Actually, there are no other countries which require the labeling "contains sulfites". So most imported wine does exceed the quantity of sulfites required for labeling under U.S. law. Also, contrary to the popular notion, white wines oontain sulfite levels near or equal to red wines.
posted by Miko at 10:59 AM on February 17, 2005


I've seen plenty of recipes for chicken-based dishes that say you can substitute apple juice for white wine. I tried it once, and it worked well enough for me.
posted by banjo_and_the_pork at 11:01 AM on February 17, 2005


A lot of flavours dissolve in alcohol, which is one of the reasons we cook with wine. If other alcohols are not a problem, lemon juice and vodka can be a decent substitute for both the tartness of the wine and the alcohol content.
posted by jacquilynne at 11:02 AM on February 17, 2005


A basic b├ęchamel does not require wine so don't worry about that. Wine in risotto, baked fennel, generally most vegetable centered dishes adds this light sourness, and a delicate flowery fruit. Ever tasted the skin of a grape? That is what I can come up with for an example of what wine tastes like. So, I would suggest trying vodka or gin for white, maybe add a touch of white grape juice (adding straight juice only adds sweetness, you may as well just add sugar). For red, I can't think of any but red is generally only used with meat so I would say substitute the dish for a veg dish.

I would think there are resources out there considering the amount of alcoholics who can't cook with wine. And as Mario Batali says, never put anything in here (your cooking) that you wouldn't put in here (your mouth), meaning never add any wines, liquors to your food that you wouldn't actually drink yourself (thus never use artificial substitutes, 'cooking wine' unless you like to drink it).
posted by scazza at 11:21 AM on February 17, 2005


Is there anything that can be added to wine to either precipitate the sulphites, or change the sulphites into something innocuous?
posted by five fresh fish at 11:34 AM on February 17, 2005


In my opinion, when using wine in cooking you're usually going for one of four things:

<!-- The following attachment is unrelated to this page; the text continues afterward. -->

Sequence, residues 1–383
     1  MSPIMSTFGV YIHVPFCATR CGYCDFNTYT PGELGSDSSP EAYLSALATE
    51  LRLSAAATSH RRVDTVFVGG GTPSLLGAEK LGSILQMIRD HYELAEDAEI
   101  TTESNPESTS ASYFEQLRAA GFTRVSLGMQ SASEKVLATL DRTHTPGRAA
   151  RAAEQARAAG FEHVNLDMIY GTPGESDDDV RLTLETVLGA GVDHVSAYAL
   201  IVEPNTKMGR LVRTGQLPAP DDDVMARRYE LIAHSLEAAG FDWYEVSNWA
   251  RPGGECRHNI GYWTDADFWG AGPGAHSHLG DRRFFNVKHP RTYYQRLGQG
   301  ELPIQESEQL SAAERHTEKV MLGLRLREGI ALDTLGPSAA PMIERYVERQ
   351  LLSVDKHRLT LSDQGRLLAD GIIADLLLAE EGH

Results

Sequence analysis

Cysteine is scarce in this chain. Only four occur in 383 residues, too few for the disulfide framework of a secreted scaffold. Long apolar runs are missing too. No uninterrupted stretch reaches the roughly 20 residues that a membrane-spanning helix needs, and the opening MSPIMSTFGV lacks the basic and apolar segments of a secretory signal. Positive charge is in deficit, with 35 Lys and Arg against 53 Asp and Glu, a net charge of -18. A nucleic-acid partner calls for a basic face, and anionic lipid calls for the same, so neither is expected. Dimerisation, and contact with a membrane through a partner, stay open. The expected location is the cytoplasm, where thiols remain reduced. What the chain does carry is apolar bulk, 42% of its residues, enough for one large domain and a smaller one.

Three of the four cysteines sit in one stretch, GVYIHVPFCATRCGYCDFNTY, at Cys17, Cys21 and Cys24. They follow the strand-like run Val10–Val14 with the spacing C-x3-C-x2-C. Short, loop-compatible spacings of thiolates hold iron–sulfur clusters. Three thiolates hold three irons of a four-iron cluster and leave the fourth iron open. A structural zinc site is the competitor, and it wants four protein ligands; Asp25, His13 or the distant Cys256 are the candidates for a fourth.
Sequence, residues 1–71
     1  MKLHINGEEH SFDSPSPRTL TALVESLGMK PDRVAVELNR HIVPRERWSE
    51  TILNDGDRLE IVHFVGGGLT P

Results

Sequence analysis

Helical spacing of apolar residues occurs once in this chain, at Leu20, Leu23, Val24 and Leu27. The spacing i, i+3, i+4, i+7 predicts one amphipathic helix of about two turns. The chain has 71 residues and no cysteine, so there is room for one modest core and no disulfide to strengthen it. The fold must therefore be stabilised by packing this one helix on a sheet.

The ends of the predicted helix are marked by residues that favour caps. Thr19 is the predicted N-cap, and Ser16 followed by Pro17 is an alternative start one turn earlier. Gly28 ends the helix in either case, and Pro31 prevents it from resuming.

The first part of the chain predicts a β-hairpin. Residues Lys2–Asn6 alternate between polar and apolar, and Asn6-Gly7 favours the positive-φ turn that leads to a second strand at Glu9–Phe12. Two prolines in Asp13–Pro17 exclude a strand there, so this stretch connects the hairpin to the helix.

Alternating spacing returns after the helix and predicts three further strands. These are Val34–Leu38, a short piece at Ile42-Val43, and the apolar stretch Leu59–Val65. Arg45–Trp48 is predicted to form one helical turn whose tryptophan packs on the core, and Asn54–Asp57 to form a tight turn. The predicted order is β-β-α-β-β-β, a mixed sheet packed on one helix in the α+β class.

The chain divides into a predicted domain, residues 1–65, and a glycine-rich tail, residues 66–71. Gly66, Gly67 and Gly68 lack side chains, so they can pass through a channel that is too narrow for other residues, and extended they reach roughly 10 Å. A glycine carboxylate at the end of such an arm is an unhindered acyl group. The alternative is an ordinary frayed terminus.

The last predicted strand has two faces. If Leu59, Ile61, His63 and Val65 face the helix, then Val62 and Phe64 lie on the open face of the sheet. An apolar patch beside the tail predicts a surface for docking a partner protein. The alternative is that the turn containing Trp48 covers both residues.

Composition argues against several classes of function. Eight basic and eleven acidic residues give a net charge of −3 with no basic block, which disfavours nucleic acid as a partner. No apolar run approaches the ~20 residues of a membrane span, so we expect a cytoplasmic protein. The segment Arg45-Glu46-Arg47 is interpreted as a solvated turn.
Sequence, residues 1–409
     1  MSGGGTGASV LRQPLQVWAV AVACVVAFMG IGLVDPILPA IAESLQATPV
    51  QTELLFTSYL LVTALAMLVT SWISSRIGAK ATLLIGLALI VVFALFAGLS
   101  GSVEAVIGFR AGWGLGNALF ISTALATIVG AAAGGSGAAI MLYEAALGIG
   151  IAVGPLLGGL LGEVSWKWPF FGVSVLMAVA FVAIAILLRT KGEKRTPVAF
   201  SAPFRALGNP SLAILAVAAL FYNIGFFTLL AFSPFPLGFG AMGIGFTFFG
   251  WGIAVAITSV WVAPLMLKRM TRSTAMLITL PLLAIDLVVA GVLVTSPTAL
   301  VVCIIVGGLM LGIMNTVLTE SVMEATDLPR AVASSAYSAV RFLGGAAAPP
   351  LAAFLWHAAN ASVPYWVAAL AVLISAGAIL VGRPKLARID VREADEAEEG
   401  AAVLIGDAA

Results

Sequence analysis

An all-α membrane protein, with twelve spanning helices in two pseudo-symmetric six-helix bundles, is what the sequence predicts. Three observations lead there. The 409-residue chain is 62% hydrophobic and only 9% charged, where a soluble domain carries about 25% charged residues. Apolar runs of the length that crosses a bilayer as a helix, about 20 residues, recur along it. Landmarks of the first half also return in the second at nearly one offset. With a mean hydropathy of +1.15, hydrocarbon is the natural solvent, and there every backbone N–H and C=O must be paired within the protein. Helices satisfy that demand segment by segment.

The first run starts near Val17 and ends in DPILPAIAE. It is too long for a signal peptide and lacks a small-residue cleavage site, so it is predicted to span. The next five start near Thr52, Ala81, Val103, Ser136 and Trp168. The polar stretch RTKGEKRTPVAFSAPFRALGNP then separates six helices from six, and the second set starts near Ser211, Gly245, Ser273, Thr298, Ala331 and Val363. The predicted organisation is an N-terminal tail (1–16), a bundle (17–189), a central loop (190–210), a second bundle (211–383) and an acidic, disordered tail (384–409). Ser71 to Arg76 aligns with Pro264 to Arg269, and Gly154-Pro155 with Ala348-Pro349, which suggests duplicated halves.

1) alcohol
2) fruitiness
3) acidity (esp. if it's vinegar)
4) "depth"

For example, when deglazing a pan after searing a hunk of meat, it's the alcohol that magically disolves the brown bits. On the other hand, when you use vinegar at the beginning of a hollandaise, you're going after the acid. On the third hand (...) when braising, you're going for a bit of everything, but especially "depth".

You can use just about any liquor for alcohol content, providing the taste matches the dish you're making - but I would be careful with gin: I find it's a little "herbal" for most purposes.

For fruitiness, juices are the obvious choice, but even just adding a bit of sugar (or sugar bearing ingredient) can bring out some natural fruitiness in other ingredients.

For acidity, lemon juice should be your standby (i.e. for hollandaise), but definitely experiment: orange juice is less acidic and sweeter, for example.

For depth, use better, or more reduced stocks. Make brown stock with veal bones instead of beef, reduce a little more than you would otherwise. You may have to make your stock saltier than you would have otherwise, since wine contains substances that makes things taste salty without being "salty" if you know what I mean.

I would also recommend looking at this page:

link

from one of my favorite sites about french cooking (or cooking in general). He's pretty wine-focussed, but the point of the page is constructing your own sauces from the basic building blocks.

Hope that helps.